When I first met Michael S. Steele, I was a young congressional press secretary and he was an obscure Republican chairman in an overwhelmingly Democratic county. His youth, polish and affability were immediately apparent, but I was most impressed by his determination and commitment to the goal of creating a two-party system in Maryland.
After our meeting, then-Congressman Robert L. Ehrlich Jr. remarked that Mr. Steele "is the future of the Republican Party." Last week, this prediction came true as Mr. Steele became chairman of the Republican National Committee.
Mr. Steele's ascension to the party's top job has roiled both sides of the political spectrum. Conservative Sean Hannity touted his ability to "lead the Republicans out of exile into the promised land - victory." Liberal Thomas F. Schaller dismissed him as the "black Sarah Palin."
But the reality is that a successful party chairman can be neither savior nor figurehead. The job requires a unique blend of communicator, administrator, strategist and bridge-builder. It is always demanding and sometimes thankless, requiring the simultaneous services of an edgy partisan and a happy warrior.
My first experience with Mr. Steele as communicator came in early 2003, when I prepared last-minute bullet points for his use at a news conference announcing the new Ehrlich administration's first budget. I was impressed by the seamless manner with which Mr. Steele, then lieutenant governor, weaved a few hurried sound bites into his own spontaneous summary, making the boilerplate inspirational in the process.
Much the same thing happened at a National Railroad Association convention in Baltimore. Mr. Steele had not had time to review remarks prepared for him, so he quizzed some of the assembled Maryland Department of Transportation staffers for about three minutes and then took to the podium. He spoke completely without notes, impressing both the audience and the policy wonks present.
As a past central committee member, county chairman, state chairman, national committeeman, GOPAC chairman and three-time candidate for statewide office, Mr. Steele has as much (if not more) hands-on party administration experience as past RNC chairmen William E. Brock, Haley Barbour and Jim Nicholson did before their successful terms. He knows how to work with fundraisers, pollsters, media consultants and administrators. Further, Mr. Steele demonstrated his strategic mettle when he successfully led opposition to then-Gov. Parris N. Glendening's gerrymandered redistricting plan in 2001.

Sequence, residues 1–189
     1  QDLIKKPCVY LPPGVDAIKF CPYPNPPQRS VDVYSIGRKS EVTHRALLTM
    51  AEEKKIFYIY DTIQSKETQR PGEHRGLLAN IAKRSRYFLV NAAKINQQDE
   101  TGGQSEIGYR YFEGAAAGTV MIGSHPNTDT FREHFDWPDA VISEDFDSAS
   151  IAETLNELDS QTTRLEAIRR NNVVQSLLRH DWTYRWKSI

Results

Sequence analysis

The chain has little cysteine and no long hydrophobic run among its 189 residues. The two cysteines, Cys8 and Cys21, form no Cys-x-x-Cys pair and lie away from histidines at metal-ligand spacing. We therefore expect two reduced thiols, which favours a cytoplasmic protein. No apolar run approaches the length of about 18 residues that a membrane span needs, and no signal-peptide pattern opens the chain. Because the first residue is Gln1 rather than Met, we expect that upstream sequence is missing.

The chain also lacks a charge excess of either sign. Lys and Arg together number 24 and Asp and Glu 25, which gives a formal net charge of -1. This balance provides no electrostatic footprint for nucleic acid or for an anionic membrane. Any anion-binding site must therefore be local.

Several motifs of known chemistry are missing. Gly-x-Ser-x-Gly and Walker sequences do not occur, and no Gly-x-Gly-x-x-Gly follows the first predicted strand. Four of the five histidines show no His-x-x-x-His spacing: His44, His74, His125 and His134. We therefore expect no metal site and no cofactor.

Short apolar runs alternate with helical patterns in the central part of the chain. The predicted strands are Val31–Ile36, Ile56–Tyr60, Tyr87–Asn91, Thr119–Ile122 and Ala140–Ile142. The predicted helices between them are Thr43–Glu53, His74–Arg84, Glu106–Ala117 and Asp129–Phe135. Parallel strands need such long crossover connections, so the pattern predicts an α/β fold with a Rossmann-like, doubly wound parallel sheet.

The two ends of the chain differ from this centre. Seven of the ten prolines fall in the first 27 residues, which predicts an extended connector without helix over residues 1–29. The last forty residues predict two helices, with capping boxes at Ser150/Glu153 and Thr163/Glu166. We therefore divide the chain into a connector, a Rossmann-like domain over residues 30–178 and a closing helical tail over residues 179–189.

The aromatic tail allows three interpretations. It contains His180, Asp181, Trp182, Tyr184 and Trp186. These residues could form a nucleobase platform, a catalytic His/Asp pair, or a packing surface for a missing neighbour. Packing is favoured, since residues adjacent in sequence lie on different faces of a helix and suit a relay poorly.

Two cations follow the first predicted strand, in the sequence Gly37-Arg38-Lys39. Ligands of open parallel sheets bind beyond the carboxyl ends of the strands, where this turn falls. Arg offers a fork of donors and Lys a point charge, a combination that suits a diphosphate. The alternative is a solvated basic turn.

Mr. Steele's ability to connect with people of disparate backgrounds and philosophies is an underappreciated asset. I chuckle when I recall him and former President Bill Clinton laughing like old friends at the Preakness in 2003, or the breezy manner with which he forged good personal relationships throughout Maryland's liberal Legislative Black Caucus. I still tease one of my friends - a staunch Democrat and supporter of Gov. Martin O'Malley - for commenting about what a "great guy" Mr. Steele was after meeting him.
Last, Mr. Steele personifies the right message at the right time. His story is one of education, entrepreneurialism, hard work, good citizenship and individual empowerment, messages that resonate with many voters. He is well poised to bring the party's brand back to these positive, unifying themes in a post-Bush era.
Chairman Steele's biggest challenge may be in meeting the tremendous expectations his party has for him. By focusing on traditional party-building activities - investing in new technologies, improving Internet fundraising, reaching out to young and minority voters, and highlighting differences between a "change" president and a status quo Congress - he has an opportunity to bring the party of Lincoln into the 21st century.
In politics, the best thing to be is underestimated. Chairman Steele's career is a study in underestimation. Democrats who seek to dismiss or "Palinize" Mr. Steele now may regret it in the future.
Richard J. Cross III, a Baltimore resident, is a former press secretary and speechwriter to Robert L. Ehrlich Jr. His e-mail is firstname.lastname@example.org.